Home News No born Mennonites among us

No born Mennonites among us

0 comment

Lydia Grigoryevna, second from left, gets a birthday hug after worship at Nikolai­polye Mennonite Church on June 16. (Paul Schrag/MWR)

Welcoming visitors from North America, Ivan Kapel­ushniy, pastor of Nikolaipolye Mennonite Church, led his congregation of about 15 people in singing “For God So Loved Us” in Russian.

“There are no born Mennonites among us,” Kapelushniy said on June 16, 2019,  as mission worker Mary Raber translated. “We became Mennonites.”

Kapelushniy counts himself among the converts.

“I became a believer in 2006,” he said. “When I began to go to church, my co-workers laughed at me. They wondered what I had to do with those people. But now they understand.”

Through the influence of Canadian mission workers, the congregation has revived a Mennonite presence in the town of about 1,000 people surrounded by wheat fields.

They worship in a simple, bare-walled room, with an open window letting in a breeze on a summer morning. The 19th-century building is a former Mennonite school, restored in the 21st century by Canadian Mennonites.

It is a member of the Association of Mennonite Brethren Churches of Ukraine.

The village was founded by Mennonites 150 years ago as Nikolaifeld. The original Mennonite presence continued until World War II, when the Mennonites fled with the retreating German army or were exiled as the Red Army retook the region from German occupation.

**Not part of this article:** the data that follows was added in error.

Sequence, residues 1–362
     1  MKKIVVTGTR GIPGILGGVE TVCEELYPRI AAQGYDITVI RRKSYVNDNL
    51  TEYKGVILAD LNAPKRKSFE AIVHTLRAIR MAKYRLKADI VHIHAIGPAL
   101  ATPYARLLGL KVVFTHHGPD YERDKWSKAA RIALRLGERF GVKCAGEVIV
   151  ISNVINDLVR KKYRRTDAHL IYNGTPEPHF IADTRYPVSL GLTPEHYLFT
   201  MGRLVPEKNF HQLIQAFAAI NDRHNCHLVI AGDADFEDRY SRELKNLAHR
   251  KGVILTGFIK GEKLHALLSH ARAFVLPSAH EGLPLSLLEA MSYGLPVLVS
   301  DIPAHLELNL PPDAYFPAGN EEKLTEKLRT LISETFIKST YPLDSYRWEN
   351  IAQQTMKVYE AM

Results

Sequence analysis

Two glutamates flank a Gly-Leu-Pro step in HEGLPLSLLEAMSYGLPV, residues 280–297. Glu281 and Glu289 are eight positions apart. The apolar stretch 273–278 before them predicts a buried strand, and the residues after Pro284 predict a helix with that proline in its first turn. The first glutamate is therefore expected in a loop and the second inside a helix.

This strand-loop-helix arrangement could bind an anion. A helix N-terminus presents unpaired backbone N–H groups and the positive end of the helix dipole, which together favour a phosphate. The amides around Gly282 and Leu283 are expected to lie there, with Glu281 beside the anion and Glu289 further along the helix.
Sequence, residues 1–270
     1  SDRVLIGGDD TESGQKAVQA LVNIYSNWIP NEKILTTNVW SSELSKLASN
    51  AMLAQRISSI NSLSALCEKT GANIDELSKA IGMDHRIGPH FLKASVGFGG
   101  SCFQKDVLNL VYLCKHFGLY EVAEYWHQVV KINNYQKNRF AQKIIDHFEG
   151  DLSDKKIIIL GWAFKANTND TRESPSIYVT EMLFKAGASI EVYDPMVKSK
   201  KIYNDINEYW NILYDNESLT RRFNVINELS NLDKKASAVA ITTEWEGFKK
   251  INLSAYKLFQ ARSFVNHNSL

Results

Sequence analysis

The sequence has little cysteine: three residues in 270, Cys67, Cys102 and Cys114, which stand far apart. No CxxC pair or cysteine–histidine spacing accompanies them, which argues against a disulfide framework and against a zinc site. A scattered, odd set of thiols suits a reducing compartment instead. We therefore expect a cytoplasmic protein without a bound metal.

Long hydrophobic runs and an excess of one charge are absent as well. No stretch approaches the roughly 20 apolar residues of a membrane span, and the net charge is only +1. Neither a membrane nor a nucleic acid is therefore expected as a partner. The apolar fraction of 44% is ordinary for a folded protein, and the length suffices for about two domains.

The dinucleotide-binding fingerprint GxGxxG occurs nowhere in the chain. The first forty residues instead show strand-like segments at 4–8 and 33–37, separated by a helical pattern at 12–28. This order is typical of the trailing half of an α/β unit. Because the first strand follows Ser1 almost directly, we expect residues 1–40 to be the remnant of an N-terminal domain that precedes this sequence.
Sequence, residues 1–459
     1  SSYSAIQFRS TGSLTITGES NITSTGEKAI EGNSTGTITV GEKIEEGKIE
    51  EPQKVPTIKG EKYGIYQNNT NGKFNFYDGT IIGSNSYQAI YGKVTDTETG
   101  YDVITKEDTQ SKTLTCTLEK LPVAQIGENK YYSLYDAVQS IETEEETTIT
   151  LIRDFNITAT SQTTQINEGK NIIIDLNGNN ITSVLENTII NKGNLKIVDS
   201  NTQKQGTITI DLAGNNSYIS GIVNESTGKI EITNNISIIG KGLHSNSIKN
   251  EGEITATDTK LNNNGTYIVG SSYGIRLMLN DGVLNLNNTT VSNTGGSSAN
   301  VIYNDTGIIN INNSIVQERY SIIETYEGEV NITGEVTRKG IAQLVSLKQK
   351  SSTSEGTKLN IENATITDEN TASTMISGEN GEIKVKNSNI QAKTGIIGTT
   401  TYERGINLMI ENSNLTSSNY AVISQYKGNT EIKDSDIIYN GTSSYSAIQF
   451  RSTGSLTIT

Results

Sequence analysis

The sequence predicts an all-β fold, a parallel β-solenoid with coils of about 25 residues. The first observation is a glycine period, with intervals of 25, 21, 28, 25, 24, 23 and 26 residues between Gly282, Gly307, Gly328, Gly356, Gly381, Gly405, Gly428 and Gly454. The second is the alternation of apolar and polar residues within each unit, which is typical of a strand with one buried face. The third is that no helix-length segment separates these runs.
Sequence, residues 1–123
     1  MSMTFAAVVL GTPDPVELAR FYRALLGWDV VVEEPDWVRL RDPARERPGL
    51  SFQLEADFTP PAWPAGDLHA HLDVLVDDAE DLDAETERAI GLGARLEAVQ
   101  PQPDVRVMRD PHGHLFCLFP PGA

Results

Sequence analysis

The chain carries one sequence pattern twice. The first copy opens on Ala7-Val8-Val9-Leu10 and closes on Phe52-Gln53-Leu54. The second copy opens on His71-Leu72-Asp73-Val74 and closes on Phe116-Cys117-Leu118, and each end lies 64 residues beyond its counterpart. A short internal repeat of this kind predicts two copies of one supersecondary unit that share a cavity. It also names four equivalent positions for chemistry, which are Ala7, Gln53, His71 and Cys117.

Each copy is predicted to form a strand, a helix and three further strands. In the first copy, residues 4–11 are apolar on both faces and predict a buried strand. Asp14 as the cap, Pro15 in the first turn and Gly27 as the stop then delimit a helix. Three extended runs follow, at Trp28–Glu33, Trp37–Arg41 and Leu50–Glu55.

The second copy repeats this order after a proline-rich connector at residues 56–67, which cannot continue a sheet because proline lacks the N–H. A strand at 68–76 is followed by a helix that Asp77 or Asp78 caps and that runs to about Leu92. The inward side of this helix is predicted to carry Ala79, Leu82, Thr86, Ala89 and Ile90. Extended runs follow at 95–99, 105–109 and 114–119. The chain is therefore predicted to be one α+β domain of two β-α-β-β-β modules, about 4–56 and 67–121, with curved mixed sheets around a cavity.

Ivan Kapelushniy, pastor of Nikolaipolye Mennonite Church, greets Mary Raber, who serves in Ukraine with Mennonite Mission Network. (Paul Schrag/MWR)

Today the congregation serves its neighbors by helping the elderly and running a summer day camp for children.

“We do what we can to bring the word of God to the village,” Kapelushniy said.

But he described the villagers as “cautious toward us.”

Raber explained: “The culture is Orthodox, so Mennonites and Baptists would be regarded with a certain amount of suspicion no matter what you do.”

Canadian visitors Peter Wolfe and Walter Thiessen, Mennonite Central Committee board members on a learning tour, spoke to the group. Wolfe told of his mother-in-law’s family being exiled from Ukraine to Tajikistan after World War II and eventually migrating to Canada in 1972.

He said the family arrived in Dushanbe, Tajikistan, with nothing. Without food, they searched on the ground for bits of grain.

When asked later how they kept their faith through such hard times, she said their faith was all they had left.

“They saw the hand of God with them,” Wolfe said. “Keep trusting in God. Jesus said in this world you will have trouble, but I have overcome the world.”

Paul Schrag
is editor of Mennonite World Review. A Meetinghouse story.

Read also



Early Retirement…to Ukraine?

You may also like

Leave a Comment